Piano Trio in d minor, Op.101 No.2
Anton Reicha, (1770-1836, Antonin Rejcha in the Czech form) was born in Prague. Orphaned at an early age, he went to Bavaria to live with his uncle, Joseph Reicha a concert cellist and music director. He studied composition, violin, flute, piano and composition while with his uncle. In 1785, they went to Bonn, where Joseph became music director at the electoral court. There, Anton got to know Beethoven with whom he became friends. He traveled extensively, holding positions in Hamburg, Vienna and Paris, where he eventually settled. By 1810 he was a professor at the Paris Conservatory and became one of the most famous teachers of his time. George Onslow, Louise Farrenc, Franz Liszt, Hector Berlioz, Cesar Franck and Charles Gounod were among his many students. He also gained fame as a theorist. He was an innovator in many areas. Though perhaps not the inventor of the Wind Quintet, he was the first to popularize it. A prolific composer, he wrote in virtually every genre. Chamber music is a very important part of his oeuvre.
Op.101 No.2 is the second of a set of six which were composed in 1824. Clearly well into the mature phase of his career, Reicha was certainly familiar with Haydn and Mozartís efforts at writing piano trios, but more importantly with Beethovenís ground-breaking treatment of the strings as equals with the piano in his piano trios. The Op.101 trios are proof that Reichaís conception of a piano trio went beyond that of Mozart or Haydn. He accepted the notion that there was a need for equality between the instruments. He wrote in the forward to the first edition of the Op.101 trios that it was his goal to achieve a harmonic interaction between the voices. In this respect, they are certainly the equal of Beethoven's trios. The players were instructed not to regard the music as a mere piano score.
The introduction to the opening Allegro non troppo creates an ominous mood. The dramatic main theme has a sense of urgency. But slowly during the development, the theme slowly brightens and the second theme, first given out by the cello is altogether happier. Though marked Menuetto Allegro, the appellation Menuetto is rather misleading. This is no minuet but an exciting scherzo. Against the pounding accompaniment of the piano, the violin sets forth the dramatic first theme. When it is repeated, the mood immediately lightens and heads off in an entirely different direction. The Andantino which follows begins with a lengthy piano introduction. (the sound-bite presents on the last few seconds of it). The lovely and delicate main subject which the piano has developed painstakingly is immediately changed with the entrance of the strings. A very unusual and original figure in the piano opens the exciting finale, Allegro assai. The strings immediately join in. The bright second theme provides a wonderful contrast.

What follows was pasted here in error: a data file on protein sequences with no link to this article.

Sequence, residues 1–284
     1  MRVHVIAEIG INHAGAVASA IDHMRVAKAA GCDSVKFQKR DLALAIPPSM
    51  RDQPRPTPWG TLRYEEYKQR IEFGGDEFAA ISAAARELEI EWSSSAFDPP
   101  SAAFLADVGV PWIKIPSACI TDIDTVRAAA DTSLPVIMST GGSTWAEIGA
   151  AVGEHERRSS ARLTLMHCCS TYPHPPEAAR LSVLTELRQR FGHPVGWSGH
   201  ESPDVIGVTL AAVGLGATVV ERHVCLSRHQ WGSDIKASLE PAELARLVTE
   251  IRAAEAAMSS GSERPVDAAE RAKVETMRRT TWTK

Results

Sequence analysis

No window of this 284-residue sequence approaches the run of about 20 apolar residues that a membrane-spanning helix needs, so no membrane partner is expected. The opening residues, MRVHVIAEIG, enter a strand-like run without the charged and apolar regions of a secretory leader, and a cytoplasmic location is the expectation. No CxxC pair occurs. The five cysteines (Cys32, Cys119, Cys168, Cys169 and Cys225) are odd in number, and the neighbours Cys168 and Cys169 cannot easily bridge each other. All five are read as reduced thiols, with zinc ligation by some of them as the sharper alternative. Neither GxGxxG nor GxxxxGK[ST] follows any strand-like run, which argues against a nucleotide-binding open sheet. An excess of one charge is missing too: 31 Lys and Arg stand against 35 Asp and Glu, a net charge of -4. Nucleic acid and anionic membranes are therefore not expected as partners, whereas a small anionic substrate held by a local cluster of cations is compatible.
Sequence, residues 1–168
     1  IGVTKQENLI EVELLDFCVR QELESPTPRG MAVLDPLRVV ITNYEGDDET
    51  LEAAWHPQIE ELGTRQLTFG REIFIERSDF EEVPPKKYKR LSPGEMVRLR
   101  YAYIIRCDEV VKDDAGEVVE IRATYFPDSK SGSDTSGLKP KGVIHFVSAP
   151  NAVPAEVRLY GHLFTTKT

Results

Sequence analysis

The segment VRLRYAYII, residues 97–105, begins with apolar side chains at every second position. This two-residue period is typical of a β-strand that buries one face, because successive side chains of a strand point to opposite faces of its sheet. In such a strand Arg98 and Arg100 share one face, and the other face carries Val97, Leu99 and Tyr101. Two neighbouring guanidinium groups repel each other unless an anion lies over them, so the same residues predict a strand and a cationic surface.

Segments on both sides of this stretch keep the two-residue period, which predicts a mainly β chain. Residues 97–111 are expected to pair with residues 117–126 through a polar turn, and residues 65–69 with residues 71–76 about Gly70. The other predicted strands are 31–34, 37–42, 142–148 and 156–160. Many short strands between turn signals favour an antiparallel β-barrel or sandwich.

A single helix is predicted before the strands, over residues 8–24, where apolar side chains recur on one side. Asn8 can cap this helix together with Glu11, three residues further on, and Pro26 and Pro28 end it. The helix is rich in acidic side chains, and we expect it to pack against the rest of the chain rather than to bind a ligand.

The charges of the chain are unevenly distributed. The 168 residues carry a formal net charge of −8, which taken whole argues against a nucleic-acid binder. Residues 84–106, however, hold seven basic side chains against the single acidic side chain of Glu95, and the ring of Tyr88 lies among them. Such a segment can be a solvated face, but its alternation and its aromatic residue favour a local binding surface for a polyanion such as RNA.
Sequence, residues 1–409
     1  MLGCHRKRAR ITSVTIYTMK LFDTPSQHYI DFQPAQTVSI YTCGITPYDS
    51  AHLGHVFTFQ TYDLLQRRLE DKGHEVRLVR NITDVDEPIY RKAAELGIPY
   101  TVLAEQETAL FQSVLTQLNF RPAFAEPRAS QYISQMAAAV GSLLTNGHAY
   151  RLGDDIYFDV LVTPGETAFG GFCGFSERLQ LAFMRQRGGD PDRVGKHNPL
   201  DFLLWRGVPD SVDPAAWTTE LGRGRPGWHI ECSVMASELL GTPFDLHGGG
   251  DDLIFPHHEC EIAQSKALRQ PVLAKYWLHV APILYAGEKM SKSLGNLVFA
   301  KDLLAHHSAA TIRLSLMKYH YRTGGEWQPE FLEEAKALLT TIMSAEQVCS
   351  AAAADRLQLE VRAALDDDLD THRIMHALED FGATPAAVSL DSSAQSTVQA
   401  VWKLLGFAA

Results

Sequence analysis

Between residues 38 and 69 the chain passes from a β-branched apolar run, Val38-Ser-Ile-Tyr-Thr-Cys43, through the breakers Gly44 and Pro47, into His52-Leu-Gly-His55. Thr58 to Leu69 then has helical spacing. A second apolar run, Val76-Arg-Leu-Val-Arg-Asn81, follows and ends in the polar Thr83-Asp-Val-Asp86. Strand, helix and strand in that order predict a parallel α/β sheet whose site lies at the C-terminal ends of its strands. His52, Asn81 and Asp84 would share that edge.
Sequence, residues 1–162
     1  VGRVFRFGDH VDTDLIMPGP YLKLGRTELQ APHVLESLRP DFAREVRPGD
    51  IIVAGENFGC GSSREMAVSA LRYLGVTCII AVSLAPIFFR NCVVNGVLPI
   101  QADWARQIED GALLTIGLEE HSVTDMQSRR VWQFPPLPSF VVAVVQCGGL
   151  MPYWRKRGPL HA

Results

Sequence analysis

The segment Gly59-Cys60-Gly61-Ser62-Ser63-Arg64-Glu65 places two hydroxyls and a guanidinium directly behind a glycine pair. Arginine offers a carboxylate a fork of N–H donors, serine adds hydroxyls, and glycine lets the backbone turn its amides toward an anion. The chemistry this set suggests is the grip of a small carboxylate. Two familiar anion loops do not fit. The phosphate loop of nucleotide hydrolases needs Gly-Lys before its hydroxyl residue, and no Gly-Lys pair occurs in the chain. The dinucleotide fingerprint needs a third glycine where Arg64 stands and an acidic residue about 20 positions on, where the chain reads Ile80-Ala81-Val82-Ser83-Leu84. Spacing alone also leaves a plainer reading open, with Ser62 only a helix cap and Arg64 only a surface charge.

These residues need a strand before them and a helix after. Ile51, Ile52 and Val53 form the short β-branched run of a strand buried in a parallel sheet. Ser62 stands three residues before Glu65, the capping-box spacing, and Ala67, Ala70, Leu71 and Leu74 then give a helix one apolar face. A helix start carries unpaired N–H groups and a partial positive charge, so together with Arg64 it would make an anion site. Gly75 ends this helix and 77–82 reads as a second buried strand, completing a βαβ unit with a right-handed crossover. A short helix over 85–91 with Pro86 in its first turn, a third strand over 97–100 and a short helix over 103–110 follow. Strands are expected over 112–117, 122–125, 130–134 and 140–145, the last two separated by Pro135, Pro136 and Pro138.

Here is a trio from Beethoven's time that is in its own way on an equal footing with Ludwig's trios. Reicha's ideas are original and fresh and not to be heard elsewhere. This is a first rate work which would be a success in the concert hall and should be welcomed by amateurs as well. It has been out of print for well over a century. We have reprinted the only edition but added rehearsal numbers which it was lacking and correct a few mistakes.